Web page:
Faculty Mentor(s)

Allison Clapp, Loretta Delargy

Campus

Dahlonega

Proposal Type

Poster

Subject Area

Nursing

Location

Library Third Floor, Open Area

Start Date

2-4-2014 11:00 AM

End Date

2-4-2014 1:00 PM

Description/Abstract

This is literature review of current studies to answer the question “What effect does the use of electronic scanners have on medication administration errors in hospitalized patients as compared to manual MAR methods?” Current evidence shows that errors in the medication administration step pose to be the most problematic of the entire medication process in hospital settings. It is also known that less than 2% of medication errors are intercepted and corrected at the bedside. Traditional medication administration records (MAR) using pen and paper have dominated the hospital setting for the past several decades but could be largely responsible for the majority of medication errors. With the increasing use of technology, a bar code medication administration (BCMA) system has been implemented to overcome this common problem. Seven research studies were examined to determine whether an implemented BCMA system into hospital settings continuously proves to lower medication administration errors. Not only has BCMA shown to lower medication administration errors, but it has also shown to decrease turn-around time to process medication doses in the pharmacy as well as increase accuracy of patient identification, inventory, and staffing of nurses and pharmacists. Abandonment of traditional MAR systems and implementation of BCMA systems in hospital settings increases patient safety and saves money.

Keywords: medication administration, bar code scanning, technology, prevention, and error

Included in

Nursing Commons

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Apr 2nd, 11:00 AM Apr 2nd, 1:00 PM

Oops I Did It Again: Preventing Medication Errors Using BCMA

Library Third Floor, Open Area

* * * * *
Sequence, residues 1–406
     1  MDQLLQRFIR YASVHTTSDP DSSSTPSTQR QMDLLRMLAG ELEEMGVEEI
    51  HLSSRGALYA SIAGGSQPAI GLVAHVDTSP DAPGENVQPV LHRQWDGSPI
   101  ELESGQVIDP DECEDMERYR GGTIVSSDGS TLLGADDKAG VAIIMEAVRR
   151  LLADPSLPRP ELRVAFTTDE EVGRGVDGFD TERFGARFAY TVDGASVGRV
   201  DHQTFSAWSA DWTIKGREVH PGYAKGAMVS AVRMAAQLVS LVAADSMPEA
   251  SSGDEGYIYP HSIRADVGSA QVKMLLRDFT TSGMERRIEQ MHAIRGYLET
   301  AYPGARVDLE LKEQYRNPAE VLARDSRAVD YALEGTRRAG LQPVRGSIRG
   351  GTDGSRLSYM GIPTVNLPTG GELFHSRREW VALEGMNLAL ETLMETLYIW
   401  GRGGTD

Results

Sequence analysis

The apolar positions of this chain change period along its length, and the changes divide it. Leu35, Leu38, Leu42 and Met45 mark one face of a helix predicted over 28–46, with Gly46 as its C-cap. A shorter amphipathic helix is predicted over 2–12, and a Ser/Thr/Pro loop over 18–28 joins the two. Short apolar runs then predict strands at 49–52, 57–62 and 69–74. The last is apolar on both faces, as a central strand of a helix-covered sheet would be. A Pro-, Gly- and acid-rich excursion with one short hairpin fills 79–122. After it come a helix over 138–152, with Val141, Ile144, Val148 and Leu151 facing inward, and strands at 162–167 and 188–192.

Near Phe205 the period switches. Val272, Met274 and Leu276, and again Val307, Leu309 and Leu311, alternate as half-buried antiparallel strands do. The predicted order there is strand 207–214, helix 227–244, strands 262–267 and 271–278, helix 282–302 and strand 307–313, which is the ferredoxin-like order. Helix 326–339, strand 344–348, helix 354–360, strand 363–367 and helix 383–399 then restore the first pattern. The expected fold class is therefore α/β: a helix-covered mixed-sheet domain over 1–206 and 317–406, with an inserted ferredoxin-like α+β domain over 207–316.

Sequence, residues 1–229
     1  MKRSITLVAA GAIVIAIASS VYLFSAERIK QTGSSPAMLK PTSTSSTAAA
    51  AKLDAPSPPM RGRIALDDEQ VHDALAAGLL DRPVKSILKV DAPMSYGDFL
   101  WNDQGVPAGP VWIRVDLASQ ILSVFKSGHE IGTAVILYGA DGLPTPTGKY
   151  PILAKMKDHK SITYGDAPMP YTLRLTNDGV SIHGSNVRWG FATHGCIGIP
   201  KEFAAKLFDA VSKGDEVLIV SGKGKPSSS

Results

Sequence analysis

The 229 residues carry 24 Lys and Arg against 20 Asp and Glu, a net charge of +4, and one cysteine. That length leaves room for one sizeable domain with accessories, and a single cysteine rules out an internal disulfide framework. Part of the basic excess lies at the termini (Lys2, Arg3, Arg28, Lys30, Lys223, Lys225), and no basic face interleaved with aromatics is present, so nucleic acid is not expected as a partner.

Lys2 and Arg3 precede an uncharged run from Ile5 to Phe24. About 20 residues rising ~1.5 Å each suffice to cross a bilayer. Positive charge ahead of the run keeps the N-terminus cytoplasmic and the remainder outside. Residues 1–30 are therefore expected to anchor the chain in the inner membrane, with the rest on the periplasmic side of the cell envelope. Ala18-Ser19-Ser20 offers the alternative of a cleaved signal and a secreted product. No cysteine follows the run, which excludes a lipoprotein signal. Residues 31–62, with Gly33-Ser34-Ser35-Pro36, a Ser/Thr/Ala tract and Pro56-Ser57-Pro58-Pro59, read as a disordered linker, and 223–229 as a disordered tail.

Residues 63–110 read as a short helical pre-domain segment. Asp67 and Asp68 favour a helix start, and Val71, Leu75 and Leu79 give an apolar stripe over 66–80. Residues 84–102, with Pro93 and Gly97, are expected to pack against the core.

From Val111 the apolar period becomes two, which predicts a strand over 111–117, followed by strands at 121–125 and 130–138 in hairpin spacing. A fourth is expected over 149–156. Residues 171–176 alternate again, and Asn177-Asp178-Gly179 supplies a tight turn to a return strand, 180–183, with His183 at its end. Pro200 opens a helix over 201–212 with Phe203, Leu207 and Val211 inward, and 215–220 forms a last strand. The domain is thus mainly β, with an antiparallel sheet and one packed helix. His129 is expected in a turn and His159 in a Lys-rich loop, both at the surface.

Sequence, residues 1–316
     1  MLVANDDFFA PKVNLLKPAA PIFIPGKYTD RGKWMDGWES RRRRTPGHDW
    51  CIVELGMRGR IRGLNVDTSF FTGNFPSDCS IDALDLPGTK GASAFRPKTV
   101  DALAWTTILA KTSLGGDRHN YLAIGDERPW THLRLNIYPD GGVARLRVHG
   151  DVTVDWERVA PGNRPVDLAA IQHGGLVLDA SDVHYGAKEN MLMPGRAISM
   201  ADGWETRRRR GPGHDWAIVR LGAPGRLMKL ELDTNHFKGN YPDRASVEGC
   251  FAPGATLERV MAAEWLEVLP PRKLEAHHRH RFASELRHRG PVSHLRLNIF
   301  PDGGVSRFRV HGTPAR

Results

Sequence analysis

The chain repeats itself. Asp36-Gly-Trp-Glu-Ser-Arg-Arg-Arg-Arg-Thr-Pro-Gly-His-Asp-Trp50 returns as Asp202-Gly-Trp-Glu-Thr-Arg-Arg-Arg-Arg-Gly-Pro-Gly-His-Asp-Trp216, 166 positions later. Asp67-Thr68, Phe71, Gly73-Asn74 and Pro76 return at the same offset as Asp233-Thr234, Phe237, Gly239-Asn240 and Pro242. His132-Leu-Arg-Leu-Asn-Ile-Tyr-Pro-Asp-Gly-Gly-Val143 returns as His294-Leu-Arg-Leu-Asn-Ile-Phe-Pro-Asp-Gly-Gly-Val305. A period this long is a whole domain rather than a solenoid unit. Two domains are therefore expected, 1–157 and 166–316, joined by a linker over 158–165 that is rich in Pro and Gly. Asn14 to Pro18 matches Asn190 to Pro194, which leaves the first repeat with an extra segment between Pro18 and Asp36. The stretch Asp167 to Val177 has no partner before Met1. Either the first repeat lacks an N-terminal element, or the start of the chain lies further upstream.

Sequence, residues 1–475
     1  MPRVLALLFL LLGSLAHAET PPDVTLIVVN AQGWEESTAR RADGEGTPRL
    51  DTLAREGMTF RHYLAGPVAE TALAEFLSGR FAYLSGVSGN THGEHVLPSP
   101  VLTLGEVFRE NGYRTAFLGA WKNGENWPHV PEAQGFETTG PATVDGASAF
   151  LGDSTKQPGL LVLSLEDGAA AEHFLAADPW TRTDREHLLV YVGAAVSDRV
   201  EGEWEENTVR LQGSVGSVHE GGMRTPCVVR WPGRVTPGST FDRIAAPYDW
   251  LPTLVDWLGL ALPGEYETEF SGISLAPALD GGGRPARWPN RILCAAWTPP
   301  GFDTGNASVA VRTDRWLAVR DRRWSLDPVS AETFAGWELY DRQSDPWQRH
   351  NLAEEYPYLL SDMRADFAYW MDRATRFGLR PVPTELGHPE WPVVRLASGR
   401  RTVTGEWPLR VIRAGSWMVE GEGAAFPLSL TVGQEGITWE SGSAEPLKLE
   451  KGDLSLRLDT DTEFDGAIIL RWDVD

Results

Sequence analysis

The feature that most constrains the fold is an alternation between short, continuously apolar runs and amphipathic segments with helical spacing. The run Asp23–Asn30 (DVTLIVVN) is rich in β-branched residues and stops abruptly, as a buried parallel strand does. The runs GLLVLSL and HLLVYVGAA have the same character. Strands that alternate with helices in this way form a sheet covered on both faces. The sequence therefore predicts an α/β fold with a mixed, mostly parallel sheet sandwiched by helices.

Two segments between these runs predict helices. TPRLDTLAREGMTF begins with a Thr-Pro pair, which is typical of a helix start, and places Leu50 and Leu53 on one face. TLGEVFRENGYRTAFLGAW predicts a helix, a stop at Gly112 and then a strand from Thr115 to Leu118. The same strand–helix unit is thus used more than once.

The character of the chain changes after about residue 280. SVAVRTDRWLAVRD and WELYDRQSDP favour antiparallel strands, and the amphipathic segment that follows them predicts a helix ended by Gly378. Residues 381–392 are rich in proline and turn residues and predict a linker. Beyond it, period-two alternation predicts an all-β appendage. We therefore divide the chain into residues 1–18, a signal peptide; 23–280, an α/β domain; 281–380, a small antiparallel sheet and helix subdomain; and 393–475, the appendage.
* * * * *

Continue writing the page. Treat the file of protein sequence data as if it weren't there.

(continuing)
This is literature review of current studies to answer the question “What effect does the use of electronic scanners have on medication administration errors in hospitalized patients as compared to manual MAR methods?” Current evidence shows that errors in the medication administration step pose to be the most problematic of the entire medication process in hospital settings. It is also known that less than 2% of medication errors are intercepted and corrected at the bedside. Traditional medication administration records (MAR) using pen and paper have dominated the hospital setting for the past several decades but could be largely responsible for the majority of medication errors. With the increasing use of technology, a bar code medication administration (BCMA) system has been implemented to overcome this common problem. Seven research studies were examined to determine whether an implemented BCMA system into hospital settings continuously proves to lower medication administration errors. Not only has BCMA shown to lower medication administration errors, but it has also shown to decrease turn-around time to process medication doses in the pharmacy as well as increase accuracy of patient identification, inventory, and staffing of nurses and pharmacists. Abandonment of traditional MAR systems and implementation of BCMA systems in hospital settings increases patient safety and saves money.

Keywords: medication administration, bar code scanning, technology, prevention, and error